The art of verbal storytelling is strong in my family. With both Irish and Native American ancestors, you’d think I’d have a natural inclination to recite stories with intrigue, precision, and insight. I do…but only when I write them down.
“How was your day today, Kelly?” Seems like an easy-enough question, right? Not for me – when I start telling the events of my day it turns into a rambling mess full of tangents and meandering paths. I’m frequently told that I’m horrible at telling stories. I laugh it off and agree with them, but I’ve recently figured out why my verbal story telling skills are lacking where my written ones flourish: care, thoughtfulness, respect for the words I choose.
My love of writing started as a teenager, in a need to express all the struggles and frustrations that came with being a teenager. A very artistic, spiritual teenager to be more precise. I’d open my journal and just let my pen float across the page, feverishly extracting all that I found it difficult to say. Most of the time, I didn’t relay my feelings face to face with people I cared about precisely because I didn’t want to upset anyone. Plus, I worried that my opinions would be deemed flawed or not as valued as others. So I kept quiet and vented to a piece of paper instead. There are plenty of people in my life who relish face to face conversation. Who prefer to lay it out all on the table and talk things out. That’s never been one of my strongest skill sets. I tend to ponder, contemplate, and take time to think of what I want to say and how I want to say it. Most often when faced with an uncomfortable, nerve-wracking, or confrontational situation I sit quietly and come up with insightful responses only after the discussion is complete. I turn to my notebook and express my opinions/feelings/insights in the safety of my writing. The only judgments I receive there are of my own psyche – the notebook doesn’t spout back all the reasons I’m wrong or give me disapproving glances.
Since I value respectful communication so highly, I much prefer to take the time to process what I want to say in a manner that values both the writer and the recipient. That being “said” (pun intended), I love singing, acting, and public speaking. I love using my voice as a catalyst for artistic inspiration, insightful discussion, or educational motivation. In all of those instances, I come prepared. I’m not just “winging” it. One of my favorite ways to use my voice is reading stories aloud. I love sitting on the couch with my niece and nephews, infusing the words on the page with lovely vocal tones and lilts. Making the story and characters come alive – become animated.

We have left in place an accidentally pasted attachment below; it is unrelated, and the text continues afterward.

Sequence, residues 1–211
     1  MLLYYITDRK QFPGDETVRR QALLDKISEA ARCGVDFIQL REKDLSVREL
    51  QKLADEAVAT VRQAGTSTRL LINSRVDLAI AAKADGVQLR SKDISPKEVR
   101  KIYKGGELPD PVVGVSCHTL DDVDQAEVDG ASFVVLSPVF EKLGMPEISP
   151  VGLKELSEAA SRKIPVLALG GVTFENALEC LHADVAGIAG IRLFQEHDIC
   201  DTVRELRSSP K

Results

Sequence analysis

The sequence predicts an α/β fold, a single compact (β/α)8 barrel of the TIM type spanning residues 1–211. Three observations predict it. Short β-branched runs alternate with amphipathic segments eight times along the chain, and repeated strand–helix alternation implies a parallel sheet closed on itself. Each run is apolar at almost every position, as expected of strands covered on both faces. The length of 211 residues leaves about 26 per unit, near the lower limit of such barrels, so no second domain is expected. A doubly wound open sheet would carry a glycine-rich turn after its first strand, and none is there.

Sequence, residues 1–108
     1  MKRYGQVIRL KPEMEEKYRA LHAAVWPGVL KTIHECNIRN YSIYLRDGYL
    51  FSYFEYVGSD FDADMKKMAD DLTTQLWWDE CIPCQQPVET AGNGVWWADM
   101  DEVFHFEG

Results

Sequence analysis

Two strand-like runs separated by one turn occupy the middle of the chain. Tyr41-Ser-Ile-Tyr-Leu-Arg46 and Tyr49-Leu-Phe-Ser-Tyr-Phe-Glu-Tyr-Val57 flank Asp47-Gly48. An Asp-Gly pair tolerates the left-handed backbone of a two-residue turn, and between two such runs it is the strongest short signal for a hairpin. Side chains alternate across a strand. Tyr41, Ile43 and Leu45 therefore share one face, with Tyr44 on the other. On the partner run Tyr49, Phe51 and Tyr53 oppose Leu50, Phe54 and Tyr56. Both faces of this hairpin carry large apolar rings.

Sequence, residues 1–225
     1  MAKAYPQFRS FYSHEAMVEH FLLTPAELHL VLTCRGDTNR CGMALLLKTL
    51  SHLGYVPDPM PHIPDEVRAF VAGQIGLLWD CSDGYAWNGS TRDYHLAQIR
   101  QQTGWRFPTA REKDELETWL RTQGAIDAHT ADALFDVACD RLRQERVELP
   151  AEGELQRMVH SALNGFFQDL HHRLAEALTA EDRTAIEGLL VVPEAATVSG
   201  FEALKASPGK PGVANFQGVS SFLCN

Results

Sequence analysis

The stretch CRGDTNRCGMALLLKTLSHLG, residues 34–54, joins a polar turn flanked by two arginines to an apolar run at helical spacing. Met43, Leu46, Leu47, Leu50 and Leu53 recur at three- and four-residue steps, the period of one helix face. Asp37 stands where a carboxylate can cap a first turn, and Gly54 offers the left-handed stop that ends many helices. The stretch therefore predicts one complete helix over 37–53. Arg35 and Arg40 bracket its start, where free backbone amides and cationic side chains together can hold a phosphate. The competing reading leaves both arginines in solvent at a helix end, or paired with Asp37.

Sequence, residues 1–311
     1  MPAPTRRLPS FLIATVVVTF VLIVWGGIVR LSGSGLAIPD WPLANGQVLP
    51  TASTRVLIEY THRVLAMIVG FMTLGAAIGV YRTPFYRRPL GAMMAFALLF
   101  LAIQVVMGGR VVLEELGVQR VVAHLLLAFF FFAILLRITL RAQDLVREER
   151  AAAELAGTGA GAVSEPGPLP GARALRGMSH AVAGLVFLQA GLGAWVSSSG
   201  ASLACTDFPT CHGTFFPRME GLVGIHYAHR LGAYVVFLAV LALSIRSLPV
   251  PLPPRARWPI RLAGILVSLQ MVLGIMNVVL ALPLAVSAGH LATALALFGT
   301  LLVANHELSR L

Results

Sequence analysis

So too do I enjoy reading my own written work aloud. In doing so, I hear phrasing that looked great on paper but don’t roll off the tongue very easily. I catch typos that my brain automatically saw when reading it silently. I get a firmer handle on the characters’ voices. “Did that make them sound angry when I intended it to be anxious?” “Are my characters merely rambling on about nothing in particular?” These are the types of questions I ask myself when I read my work aloud. It has proven to be an extremely valuable and quite helpful exercise, especially when surrounded by fellow writers.
Today, I’m reading Part One of my novel aloud as I sit at the dining room table. I wanted to have a clear understanding of what the first part feels like before I continue on editing Part Two. I’ve already caught areas that needed tweaking, and I still have more to go. I care about the words I choose and how they are conveyed, whether on the page or face to face.